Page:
# Differential equation---a conceptual problem

1. Oct 13, 2015

### davon806

1. The problem statement, all variables and given/known data
I am reading a note on differential equation.There is a point that I don't understand,hopefully someone can explain
2. Relevant equations

3. The attempt at a solution
The notes wrote " a1t + b1 x + c1 = a1T + b1X
a2t + b2t + c2 = a2T + b2X

the following sentence dX =dx + 0 and dT = dt+0
What does it mean?
I guess it was something like dX/dT = d(x+ħ)/d(t+τ)?But then I have no idea.This is the first time I have met this kind of case...
Can someone explain,thx so much

2. Oct 13, 2015

### Ray Vickson

It says to choose $\tau$ and $\eta$ such that $\bar{x} = x + \eta$ and $\bar{t} = t + \tau$ obey the two equations you wrote above. That tells you how to find $\tau$ and $\eta$, and since the $a_i$ and $b_i$ are constants, so are $\tau$ and $\eta$. Thus, $d \bar{x} = dx + d \eta = dx$, because $d \eta = 0$ ($\eta$ is a constant).

3. Oct 13, 2015

### davon806

But why does dn = 0? I have only learnt dy/dx,I dont know what does it mean when they are separated(and so I post this thread :/)...

4. Oct 13, 2015

### Ray Vickson

You don't know why the derivative of a constant is zero? Go back to your elementary calculus notes!

5. Oct 13, 2015

### davon806

Yes,I understand dy/dx = 0 if y is a constant.But the note said dy = 0,so the bottom dx is vanished,and that's make me confused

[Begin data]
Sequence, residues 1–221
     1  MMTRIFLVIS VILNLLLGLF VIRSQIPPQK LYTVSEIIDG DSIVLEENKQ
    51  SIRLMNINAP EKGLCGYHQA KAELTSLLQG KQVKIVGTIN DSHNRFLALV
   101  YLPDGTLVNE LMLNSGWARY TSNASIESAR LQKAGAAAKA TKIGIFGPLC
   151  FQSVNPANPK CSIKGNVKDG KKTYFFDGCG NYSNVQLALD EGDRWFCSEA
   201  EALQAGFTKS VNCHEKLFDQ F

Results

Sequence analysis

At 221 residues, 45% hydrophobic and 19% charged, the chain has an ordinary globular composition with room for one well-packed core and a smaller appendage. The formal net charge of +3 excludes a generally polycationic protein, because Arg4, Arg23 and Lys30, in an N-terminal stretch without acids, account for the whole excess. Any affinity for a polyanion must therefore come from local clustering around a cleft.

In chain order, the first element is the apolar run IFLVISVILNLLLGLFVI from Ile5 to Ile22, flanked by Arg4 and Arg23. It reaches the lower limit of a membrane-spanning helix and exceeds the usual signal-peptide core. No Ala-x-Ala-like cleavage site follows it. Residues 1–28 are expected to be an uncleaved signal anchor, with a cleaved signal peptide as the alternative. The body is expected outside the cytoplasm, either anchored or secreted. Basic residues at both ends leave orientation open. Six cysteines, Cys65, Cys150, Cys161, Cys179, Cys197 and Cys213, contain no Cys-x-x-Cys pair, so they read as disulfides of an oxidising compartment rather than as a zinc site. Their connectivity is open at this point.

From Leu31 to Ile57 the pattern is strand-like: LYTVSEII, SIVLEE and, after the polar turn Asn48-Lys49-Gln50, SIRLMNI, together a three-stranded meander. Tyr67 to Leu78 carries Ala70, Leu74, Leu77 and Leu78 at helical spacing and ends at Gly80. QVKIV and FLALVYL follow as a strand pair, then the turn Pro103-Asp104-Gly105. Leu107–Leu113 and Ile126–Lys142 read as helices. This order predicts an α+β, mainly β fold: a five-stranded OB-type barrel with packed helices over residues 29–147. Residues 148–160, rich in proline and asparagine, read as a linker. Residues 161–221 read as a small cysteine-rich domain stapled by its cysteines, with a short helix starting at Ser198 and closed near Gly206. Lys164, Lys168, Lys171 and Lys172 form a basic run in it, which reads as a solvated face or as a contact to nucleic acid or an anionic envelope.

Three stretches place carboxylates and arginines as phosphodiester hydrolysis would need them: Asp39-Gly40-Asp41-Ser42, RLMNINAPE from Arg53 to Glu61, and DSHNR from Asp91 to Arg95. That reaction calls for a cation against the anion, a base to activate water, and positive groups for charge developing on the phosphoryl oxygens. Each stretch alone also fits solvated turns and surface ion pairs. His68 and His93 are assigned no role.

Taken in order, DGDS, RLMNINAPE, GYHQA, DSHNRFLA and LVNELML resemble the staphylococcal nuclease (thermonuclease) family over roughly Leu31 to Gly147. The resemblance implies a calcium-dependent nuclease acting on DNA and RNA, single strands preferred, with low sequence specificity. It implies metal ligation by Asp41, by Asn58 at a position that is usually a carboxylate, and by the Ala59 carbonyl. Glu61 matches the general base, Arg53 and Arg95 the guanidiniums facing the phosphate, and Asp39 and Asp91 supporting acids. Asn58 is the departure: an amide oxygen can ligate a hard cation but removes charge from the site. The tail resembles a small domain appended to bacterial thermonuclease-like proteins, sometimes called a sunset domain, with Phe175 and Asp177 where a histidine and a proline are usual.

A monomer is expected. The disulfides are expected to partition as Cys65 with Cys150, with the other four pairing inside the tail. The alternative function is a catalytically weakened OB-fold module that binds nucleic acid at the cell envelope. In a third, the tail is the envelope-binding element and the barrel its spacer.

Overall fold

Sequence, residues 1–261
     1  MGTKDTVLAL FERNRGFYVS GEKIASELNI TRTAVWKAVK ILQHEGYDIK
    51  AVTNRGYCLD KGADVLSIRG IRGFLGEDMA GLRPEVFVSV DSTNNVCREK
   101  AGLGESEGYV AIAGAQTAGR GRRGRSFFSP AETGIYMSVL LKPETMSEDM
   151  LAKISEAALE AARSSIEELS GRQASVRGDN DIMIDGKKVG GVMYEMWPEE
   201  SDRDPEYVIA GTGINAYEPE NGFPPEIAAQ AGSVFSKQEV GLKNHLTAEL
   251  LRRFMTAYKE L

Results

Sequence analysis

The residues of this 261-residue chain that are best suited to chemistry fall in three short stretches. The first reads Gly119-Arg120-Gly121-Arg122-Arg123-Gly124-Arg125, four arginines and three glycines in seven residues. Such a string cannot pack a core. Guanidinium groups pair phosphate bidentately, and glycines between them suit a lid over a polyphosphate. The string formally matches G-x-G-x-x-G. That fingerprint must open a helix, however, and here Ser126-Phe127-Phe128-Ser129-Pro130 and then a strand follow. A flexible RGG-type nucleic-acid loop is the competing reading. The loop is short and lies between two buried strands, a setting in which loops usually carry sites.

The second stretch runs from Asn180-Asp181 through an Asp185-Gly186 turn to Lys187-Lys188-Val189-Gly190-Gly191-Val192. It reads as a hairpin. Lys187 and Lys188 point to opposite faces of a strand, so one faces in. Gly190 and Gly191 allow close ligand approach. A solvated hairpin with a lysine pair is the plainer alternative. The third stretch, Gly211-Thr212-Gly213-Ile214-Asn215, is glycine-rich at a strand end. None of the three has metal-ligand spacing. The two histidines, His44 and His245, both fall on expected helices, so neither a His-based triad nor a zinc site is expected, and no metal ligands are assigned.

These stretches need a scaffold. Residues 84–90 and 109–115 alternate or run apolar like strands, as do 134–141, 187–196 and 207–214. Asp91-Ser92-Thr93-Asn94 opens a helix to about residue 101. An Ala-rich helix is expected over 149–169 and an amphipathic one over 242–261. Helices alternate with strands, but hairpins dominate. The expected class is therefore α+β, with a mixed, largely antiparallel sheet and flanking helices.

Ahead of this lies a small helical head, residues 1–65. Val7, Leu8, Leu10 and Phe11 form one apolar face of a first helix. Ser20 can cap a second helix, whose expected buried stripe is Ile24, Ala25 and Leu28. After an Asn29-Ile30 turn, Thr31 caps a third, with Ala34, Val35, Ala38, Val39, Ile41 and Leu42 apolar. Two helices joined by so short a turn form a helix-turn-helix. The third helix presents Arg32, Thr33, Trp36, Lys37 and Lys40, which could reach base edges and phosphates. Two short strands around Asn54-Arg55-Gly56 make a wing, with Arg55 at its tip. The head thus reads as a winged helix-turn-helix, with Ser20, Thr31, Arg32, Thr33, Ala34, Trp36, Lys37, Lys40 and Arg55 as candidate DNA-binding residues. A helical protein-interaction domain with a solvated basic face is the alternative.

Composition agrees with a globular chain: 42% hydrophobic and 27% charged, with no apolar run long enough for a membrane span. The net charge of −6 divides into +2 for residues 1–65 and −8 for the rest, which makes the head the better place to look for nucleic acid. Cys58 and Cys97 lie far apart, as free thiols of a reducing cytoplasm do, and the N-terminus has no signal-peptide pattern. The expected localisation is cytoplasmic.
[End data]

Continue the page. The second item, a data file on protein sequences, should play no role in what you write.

6. Oct 13, 2015

### Ray Vickson

I don't see any $y$ or $dy$ anywhere in the note.

7. Oct 13, 2015

### davon806

Sorry,I mean d(something)
From the notes:
dX = dx + 0,dT = dt + 0

The problem is that I don't know what's going on because usually when you differentiate a function,say y = x^2,you write:
dy/dx = d(x^2)/dx = 2x ,the Leibniz's notation is written as dy/dx.In my notes,just like dX = dx + 0,and the "denominator" in the standard dy/dx notation vanishes,so that's why I don't understand the statement above.

8. Oct 13, 2015

### phyzguy

Writing it this way is a shorthand called implicit differentiation. You have:
$$\bar x = x + \eta; \frac{d \bar x}{d x} = 1 + 0$$
Now multiply through by dx and write:
$$d \bar x = dx + 0$$

After a bit of practice, you just skip the intermediate step and write immediately:
$$d \bar x = dx + 0$$

9. Oct 13, 2015

Thx